Sharon Boyd, Editor/Publisher

Your alternative to
The Dallas Managed News  
Rossi Walter

  Home       Search     


BadDealLogo.gif (6018 bytes)



07/15/04  Yes, Dr. Moses is leaving but?the glass is only half full.

The departure of Dr. Mike Moses as the General Superintendent of the Dallas Independent School District came as a surprise to some, yet was expected by many. I think it is fair to say that his resignation is a disappointment for most if not all. Few will dispute the value of his accomplishments to education and to the entire Dallas community. But the nagging question in most people?s minds now is: Who?s next?

A visionary by most accounts, Dr. Moses realized that he was swimming upstream against a current that was getting stronger and stronger. There is more and more pressure for higher test scores and greater student achievement, pressure from Austin for more and more ?accountability? ? all in an environment where sources and amounts of funding to do his job effectively are increasingly in question. The next Superintendent almost needs to be Wonder Woman or Superman. The search for the next Superintendent should begin expeditiously and earnestly and should include members from the citizen and business community. However, Dallas needs to seriously evaluate the OTHER SIGNIFICANT YET LARGELY DORMANT FACTORS that impact the quality and level of educational excellence in Dallas: involvement on the part of parents and community members.

The bone that I pick with Dallas (some, not all) is that we expect the Superintendent and DISD to be ultimately responsible for the education of our children. In my view, this is wrong! As parents and guardians, we are primarily responsible for the education of the youngsters with whom we are entrusted. DISD should be viewed as a resource to assist us in this endeavor. Any other view cedes so much of our power as citizens, guardians and Americans as to be retrogressive and unconscionable -- a slap in the face of our forebears who fought so arduously for the rights of every child to receive a quality education.

Currently, I have the honor and privilege of serving as President of the Dallas Council of PTAs. The Council is responsible for oversight and nurturing PTAs at more than 200 schools in DISD. A little-known fact is PTA is the largest child advocacy organization in the United States. Yet as a community we have forgotten, overlooked or ignored the well-known fact that when parents are involved in kids? education, the kids do better in school.

I believe that it?s time for the Dallas community to roll up our sleeves, declare our commitment to our public institutions and get to work ? with or without Dr. Moses or someone of his caliber. EVERYONE should be a member of their local PTA. (No, you don?t have to have kids in the school to be a member. For more information visit the PTA web site:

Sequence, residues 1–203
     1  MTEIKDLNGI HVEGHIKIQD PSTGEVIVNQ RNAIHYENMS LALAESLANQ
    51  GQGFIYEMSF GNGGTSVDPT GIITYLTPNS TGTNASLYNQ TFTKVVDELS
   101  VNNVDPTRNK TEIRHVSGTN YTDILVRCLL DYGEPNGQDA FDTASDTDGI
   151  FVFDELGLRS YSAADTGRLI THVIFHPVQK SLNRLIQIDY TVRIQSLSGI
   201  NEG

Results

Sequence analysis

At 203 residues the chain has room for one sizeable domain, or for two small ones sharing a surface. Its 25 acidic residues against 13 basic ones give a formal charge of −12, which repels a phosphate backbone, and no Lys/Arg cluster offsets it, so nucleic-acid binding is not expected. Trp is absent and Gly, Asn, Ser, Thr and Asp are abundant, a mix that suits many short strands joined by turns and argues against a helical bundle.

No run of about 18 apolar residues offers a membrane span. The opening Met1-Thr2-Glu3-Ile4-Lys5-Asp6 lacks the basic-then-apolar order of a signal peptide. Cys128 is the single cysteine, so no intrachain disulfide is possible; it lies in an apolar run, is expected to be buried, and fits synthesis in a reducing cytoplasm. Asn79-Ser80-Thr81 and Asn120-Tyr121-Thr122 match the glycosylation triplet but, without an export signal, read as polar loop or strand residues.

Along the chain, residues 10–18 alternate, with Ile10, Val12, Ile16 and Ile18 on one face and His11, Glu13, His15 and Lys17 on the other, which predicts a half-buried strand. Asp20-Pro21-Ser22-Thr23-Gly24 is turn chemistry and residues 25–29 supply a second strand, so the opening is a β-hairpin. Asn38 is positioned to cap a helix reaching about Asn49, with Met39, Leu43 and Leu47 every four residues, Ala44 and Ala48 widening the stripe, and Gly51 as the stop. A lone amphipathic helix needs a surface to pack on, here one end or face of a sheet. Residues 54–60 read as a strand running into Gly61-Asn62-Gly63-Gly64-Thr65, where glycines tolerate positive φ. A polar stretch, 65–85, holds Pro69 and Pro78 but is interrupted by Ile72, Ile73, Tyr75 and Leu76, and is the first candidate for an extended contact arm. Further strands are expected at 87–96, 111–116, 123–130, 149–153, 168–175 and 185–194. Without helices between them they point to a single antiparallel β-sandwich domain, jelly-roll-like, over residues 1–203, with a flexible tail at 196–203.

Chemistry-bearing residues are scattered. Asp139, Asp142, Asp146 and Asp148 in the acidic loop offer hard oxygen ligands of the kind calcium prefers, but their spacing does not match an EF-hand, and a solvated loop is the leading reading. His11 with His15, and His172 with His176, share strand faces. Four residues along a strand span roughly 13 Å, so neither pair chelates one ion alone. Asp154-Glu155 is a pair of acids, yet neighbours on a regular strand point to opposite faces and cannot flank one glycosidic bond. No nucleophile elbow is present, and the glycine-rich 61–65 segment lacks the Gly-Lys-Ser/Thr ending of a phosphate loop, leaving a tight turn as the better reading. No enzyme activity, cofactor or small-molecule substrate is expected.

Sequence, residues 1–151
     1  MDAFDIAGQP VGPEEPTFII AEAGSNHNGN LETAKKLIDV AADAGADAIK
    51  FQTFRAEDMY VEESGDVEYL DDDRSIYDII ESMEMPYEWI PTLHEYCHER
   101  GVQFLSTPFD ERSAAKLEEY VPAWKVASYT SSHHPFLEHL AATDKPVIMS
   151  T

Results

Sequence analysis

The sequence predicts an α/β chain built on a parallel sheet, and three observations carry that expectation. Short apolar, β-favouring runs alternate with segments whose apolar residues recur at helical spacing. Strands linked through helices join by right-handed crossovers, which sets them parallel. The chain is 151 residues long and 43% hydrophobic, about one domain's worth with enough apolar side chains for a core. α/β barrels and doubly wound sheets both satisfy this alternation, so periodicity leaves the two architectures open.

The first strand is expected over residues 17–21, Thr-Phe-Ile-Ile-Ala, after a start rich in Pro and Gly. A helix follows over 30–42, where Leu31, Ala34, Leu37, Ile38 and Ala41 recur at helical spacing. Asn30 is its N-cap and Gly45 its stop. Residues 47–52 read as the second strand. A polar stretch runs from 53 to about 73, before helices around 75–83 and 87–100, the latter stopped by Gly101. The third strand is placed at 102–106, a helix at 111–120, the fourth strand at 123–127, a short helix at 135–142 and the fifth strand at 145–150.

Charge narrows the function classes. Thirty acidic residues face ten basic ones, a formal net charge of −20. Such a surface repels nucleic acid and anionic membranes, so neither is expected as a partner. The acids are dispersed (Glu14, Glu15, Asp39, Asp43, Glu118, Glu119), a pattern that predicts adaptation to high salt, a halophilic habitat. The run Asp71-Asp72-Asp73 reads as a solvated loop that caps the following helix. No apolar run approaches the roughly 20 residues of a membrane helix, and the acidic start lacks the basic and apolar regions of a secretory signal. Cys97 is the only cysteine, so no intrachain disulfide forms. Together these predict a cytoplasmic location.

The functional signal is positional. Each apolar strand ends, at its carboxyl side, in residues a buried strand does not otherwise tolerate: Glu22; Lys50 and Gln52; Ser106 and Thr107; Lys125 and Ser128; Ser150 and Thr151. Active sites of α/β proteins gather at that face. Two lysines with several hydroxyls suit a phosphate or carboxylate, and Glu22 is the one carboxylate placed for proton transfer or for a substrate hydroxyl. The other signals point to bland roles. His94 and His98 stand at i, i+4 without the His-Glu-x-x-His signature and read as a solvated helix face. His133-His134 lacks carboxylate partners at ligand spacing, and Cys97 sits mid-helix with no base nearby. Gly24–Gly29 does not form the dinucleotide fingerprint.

Membership in the Dallas Council of PTAs numbers just north of 24,000 (which actually makes it larger than DISD as an organization that has just over 20,000 employees.) When compared with the membership of PTA Councils across Texas, Dallas? membership should exceed 50,000. This says that as a community we put more faith in the coach of the education team than in the players ? and we ARE the players. This is not acceptable.

The bottom line is this: there is tremendous room for growth in participation on the part of stakeholders, community members and business leaders alike ? parents reading to their kids and vice-versa, volunteer opportunities at school campuses themselves, becoming more involved in organizations like PTA, Site Based Decision-making committees, and participating in the Dallas School Board just to name a few.

So is the glass half empty or half full? It depends on your perspective. Dr. Moses very astutely realized that in order to bring his vision to pass, he would need something that he has not had -- the ongoing, hands-on support of the parent community. I believe this was a major impetus behind his decision to leave. From where I stand, Dallas has a tremendous opportunity to build upon the foundation that he has laid and capitalize on the momentum that he and his staff have generated. His vision of the best urban school district in the United States should not leave with him. We should embrace it and make it our own. Now it is up to us as a community to pick up the slack and get to work.

Personally, I believe the resources are here to bring that vision to pass: our kids can learn. Our teachers can teach. Our facilities are being upgraded. The business community supports education. Last, but not least, parents and guardians will do what they can to support their kids? education?if asked. Well, on behalf of PTA, students, parents and educators everywhere I am asking: will you join in and help us?

As with Aaron and Moses in the Old Testament, Moses did enter the Promised Land with the Israelites ? he guided them and passed the baton to the right person at the right time. Well, now is the right time. While we do not yet have our Aaron, nor have we reached ?the Promised Land,? we as a community ought to embrace Moses? vision.

We should  --  with our time, our talent, our energy and our money --  give even greater support to the next Superintendent than we gave to Dr. Moses because the job has simply gotten harder. Then, and only then, will we ? like David in the Old Testament ? be able to say, ??my cup runneth over,? as surely it will if we all do our part.





  Ward politics is the Devil's key to the soul of the city council.  It is how some council members got themselves in trouble in the past.  It is the bait that will get others in trouble in the future. 4/6/8